In Washington County, which started this school year remotely, 25% fewer kindergartners showed up in average daily membership (ADM) than at the start of last school year. Meanwhile, Superintendent Linda Carr said the district’s pre-K classes, which were held in person, were full.
In Iredell-Statesville Schools, which started with a hybrid of in-person and remote instruction, elementary schools saw a 7% drop in kindergarten ADM, a smaller decline than Superintendent Jeff James expected during a pandemic. He said 14 child care and community-based partnerships helped the hybrid model work for parents.
And in Mount Airy City Schools, which offered in-person learning five days a week at the start of the school year, kindergarten ADM grew. Superintendent Kim Morrison said it had taken five years to set the district up as a competitive option among other school choices in the area.
These three district experiences show how complicated the start of this school year was, and how much the experience varied depending on local contexts.
Overall in North Carolina, kindergarten ADM, a measure the state uses to gauge how many students are in school, dropped 15% this year compared with the first month of last school year, according to preliminary data released on October 20 from the Department of Public Instruction. That’s 16,000 fewer children.
Kindergarten, which is not required by state law, had the largest drop in ADM of any grade. That’s a worry because kindergarten is a foundational year, when children get used to their school environments and gain important academic skills, experts and educators say. There are concerns over whether remote school, where about half of the state’s kindergartners started the year, can do any of that.
“Kindergarten is supposed to be an extremely enthusiastic and motivational year,” Carr said. “Parents have decided that they want to wait for that excitement.”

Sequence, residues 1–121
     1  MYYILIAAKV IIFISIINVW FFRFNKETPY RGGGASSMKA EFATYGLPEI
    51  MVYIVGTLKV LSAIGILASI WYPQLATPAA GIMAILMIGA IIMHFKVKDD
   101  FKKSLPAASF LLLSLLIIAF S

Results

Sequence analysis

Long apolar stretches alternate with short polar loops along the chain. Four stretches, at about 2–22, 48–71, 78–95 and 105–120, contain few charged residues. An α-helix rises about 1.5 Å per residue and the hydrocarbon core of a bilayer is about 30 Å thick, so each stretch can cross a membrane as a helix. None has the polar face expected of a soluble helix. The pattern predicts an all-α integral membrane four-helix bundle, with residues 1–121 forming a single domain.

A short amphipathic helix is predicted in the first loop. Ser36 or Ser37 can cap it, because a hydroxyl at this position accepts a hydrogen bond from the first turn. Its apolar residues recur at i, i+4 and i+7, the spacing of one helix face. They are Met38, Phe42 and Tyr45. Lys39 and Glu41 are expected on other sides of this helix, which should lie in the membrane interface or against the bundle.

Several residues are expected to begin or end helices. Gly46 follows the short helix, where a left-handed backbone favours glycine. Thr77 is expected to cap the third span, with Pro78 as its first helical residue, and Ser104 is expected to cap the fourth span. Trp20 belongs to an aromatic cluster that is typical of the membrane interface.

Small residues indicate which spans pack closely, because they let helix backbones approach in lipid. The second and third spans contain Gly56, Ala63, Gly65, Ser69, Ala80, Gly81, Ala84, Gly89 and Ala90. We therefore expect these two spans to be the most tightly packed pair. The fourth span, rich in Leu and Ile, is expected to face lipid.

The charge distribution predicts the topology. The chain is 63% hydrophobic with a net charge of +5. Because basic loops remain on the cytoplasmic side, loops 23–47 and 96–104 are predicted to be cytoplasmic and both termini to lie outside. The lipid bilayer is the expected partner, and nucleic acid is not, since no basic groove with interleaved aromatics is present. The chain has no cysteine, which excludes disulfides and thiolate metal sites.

Disrupted transition activities
Experts say in-person activities are important to smooth the transition to kindergarten for students and families. Before the pandemic, communication and coordination were lacking between early childhood and early elementary systems. State-level education officials were working to improve that.
Carr said parents often wait until after Labor Day to register their children for kindergarten because the parents start to notice the “entire clamor” of the start of the school year. But in Washington County this year, there were no in-person orientation events, older siblings weren’t going to school, and school buses weren’t running.
“With none of that taking place, the urgency was gone,” she said.
She has held virtual community events but said attendance has been low.
“There’s still a disconnect that happens with people who are attending meeting virtually,” Carr said. “… It just didn’t have that marketing that it ordinarily would’ve allowed for.”
Though in-person kindergarten registration events weren’t possible in Iredell-Statesville Schools, James said, the district hosted a two-hour virtual event with a panel of district officials where families could ask questions about the school year across grade levels. Several hundred parents attended, he said.
And in Mount Airy City Schools, Morrison said orientation events for next school year are already under way. That means some of the outreach to parents of incoming kindergartners had begun before the pandemic hit.
And this summer, the district held in-person K-8 summer camps with social distancing and limited numbers, and had a mix of in-person and virtual registration events and tours.
Morrison said she thinks these kinds of activities — and the fact that they held camps with zero cases — made a difference in parents’ decisions to send their kindergartners to school and to be more comfortable with in-person instruction.
“When they see all of that, then I think that builds that trust,” Morrison said.
Some of these numbers have more to do with population trends and local education options than anything else, superintendents said.
In Washington County, Carr said, two area charter schools have contributed to the loss of kindergartners in recent years. Job losses among a few large employers have caused some families to leave the area, she added. In the 2019-20 school year, the district’s kindergarten ADM fell 34%, even more than this year.